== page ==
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best easy roast chicken method?

I've been getting really good organic pasture-raised whole chickens at my farmer's market and I'm looking for your suggestions for roasting them. I've been using Jamie Oliver's recipe which involves stuffing butter, lemon zest, thyme, garlic, and prosciutto under the breast skin -- it is fantastic but a little fussy. I want to be able to come home from work and have the chicken in the oven in 5 or 10 minutes, and not have to do much else other than take it out. I'm willing to do a little prep the night before.

What are your favorite easy chicken-roasting methods?

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  1. my go-to simple chicken recipe - and don't be put off by it's simplicity - the recipe delivers:

    http://www.epicurious.com/recipes/foo...

    12 Replies
    1. re: jeanmarieok

      I just tried this recipe tonight. It was my first time ever roasting a chicken. It came out delicious. Delicious enough to never buy another rotisserie chicken from the supermarket again. It was so easy and my kitchen smells wonderful.

      Thank you so much for posting this!

      1. re: soypower

        Did your chicken smoke like crazy?!? I tried the recipe from Ad Hoc at home, looks pretty close to the epicurious recipe above, and I'm afraid I'll never attempt that again. Smoked so, so bad and I felt like the apartment reeked of chicken fat/smoke for days. I loved the result- but I'm afraid my conclusion was the opposite- I'll probably never roast a chicken again and may try out the store-bought version.

        1. re: mjhals

          I hear that the trick is to use the smallest pan that you can shove the chicken into

          1. re: mjhals

            I agree with jvanderh. My kitchen smoked up a bit, but it was so worth the end result. Try a smaller vessel next time.

            1. re: ludmilasdaughter

              Use a BIGGER pan!

              First off, make sure the bird is on a rack - it won't fry or stew in it's own juice.

              For the first 20 minutes or so, just pour a thin layer of water in the bottom of the roasting pan -- that's enough to keep it from smoking and spattering.

              After the first 20 minutes, dump some rough-chopped root vegetables - potatoes, onions, parsnips, carrots, leeks, maybe some mushrooms and celery, even though they're not root veggies, that have been tossed in a little olive oil, salt, and pepper -- under the chicken and let them roast for the last 40 minutes that the chicken's in the oven. Leave the water - it will help steam the veggies, and you'll get delicious vegetables roasted in chicken drippings. Yum.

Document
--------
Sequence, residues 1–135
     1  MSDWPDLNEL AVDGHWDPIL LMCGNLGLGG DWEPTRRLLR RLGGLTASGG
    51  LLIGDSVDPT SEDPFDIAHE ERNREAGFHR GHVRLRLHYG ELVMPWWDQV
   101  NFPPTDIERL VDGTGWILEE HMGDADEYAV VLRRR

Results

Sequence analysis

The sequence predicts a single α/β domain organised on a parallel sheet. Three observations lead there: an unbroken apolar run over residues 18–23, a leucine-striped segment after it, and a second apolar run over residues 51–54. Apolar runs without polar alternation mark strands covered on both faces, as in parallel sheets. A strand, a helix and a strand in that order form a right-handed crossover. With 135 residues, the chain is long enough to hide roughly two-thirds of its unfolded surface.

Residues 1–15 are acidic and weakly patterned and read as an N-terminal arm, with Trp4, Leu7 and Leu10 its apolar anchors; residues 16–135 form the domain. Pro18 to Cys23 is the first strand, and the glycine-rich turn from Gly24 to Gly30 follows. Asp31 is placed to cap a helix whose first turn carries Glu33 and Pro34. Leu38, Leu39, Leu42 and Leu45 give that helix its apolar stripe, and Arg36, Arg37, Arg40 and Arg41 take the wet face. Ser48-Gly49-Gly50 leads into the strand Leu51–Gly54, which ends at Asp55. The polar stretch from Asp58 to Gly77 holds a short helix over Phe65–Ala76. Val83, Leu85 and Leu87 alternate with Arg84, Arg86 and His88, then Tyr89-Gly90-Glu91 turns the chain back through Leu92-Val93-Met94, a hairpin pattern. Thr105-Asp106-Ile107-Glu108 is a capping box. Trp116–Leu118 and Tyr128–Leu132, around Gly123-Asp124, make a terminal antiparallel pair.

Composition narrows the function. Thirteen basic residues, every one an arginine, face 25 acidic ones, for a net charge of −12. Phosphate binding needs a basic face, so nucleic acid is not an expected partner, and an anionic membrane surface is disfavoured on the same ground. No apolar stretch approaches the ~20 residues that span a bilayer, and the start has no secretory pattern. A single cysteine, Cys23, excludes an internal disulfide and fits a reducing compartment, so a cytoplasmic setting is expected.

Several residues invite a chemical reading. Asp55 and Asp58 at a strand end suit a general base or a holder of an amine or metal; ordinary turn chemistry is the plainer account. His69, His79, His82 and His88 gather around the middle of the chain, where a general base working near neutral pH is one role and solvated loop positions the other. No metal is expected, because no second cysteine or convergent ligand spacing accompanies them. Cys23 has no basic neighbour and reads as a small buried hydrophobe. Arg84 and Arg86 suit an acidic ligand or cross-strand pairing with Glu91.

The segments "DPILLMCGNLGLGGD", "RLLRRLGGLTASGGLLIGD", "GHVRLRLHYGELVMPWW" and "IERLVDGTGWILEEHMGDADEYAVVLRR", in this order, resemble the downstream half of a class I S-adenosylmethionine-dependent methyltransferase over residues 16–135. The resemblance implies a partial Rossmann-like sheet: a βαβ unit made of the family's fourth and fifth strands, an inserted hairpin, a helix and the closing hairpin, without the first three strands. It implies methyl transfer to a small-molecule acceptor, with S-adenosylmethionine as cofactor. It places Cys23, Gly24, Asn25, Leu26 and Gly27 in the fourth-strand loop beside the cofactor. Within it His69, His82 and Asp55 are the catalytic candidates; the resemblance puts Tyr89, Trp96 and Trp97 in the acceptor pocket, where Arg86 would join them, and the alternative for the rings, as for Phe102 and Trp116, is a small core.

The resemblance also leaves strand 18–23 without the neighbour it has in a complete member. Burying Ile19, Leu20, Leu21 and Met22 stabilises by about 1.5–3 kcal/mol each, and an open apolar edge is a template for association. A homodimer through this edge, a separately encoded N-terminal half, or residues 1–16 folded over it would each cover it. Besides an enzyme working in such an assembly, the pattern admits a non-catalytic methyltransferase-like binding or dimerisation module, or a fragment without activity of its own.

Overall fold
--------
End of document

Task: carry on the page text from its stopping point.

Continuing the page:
1. re: jvanderh

                  and it's one less pan to futz with later.

                  By the way -- after you serve/plate, and the roasting pan is empty, pour some water in it and set it either back in the warm oven or over a still-warm burner from the rest of your dishes (stove and oven are off by now).

                  The heat and water will soften all the caramelized bits and make the pan much easier to clean.

            2. re: mjhals

              I believe the smoke comes from the buildup of grease splattering on the walls. Luckily, we had just gotten a new oven when I started roasting chickens, so I have yet to experience the smoke issue...

              I know there was some info on the zuni chicken thread about how to reduce the smoke from the high heat cooking...I'll see if I can find it.

              1. re: soypower

                Thanks! My oven is also fairly new- about a year old, but very little roasting/spillage in that time.

                And for what it's worth- I roasted it in a big roasting pan with a rack. The drippings definitely fell into the pan and smoked. At the end I didn't even have usable drippings, they were all blackened/carbonized into the pan. I like sunshine's idea about adding water to the bottom of the pan, except the Keller recipe specifically recommends against doing anything (to include basting) that would cause the chicken to steam rather than roast. But I may just adopt the slower and lower roasted method for the sake of my sanity. There was a lot of smoke. A lot.

                1. re: mjhals

                  I'm talking just enough to cover the bottom of the pan and keep the drippings from spattering and smoking, not give the thing a bath.

                  I have yet to ever make roasted chicken this way (see my post downthread for more detail) that the skin didn't come out crispy and brown and tasty.

                  (it's actually a benefit - when you put the veggies in later, the hot water/steam speeds their cooking just a little and keeps them moist, instead of having dehydrated little chunks of mummified vegetables.)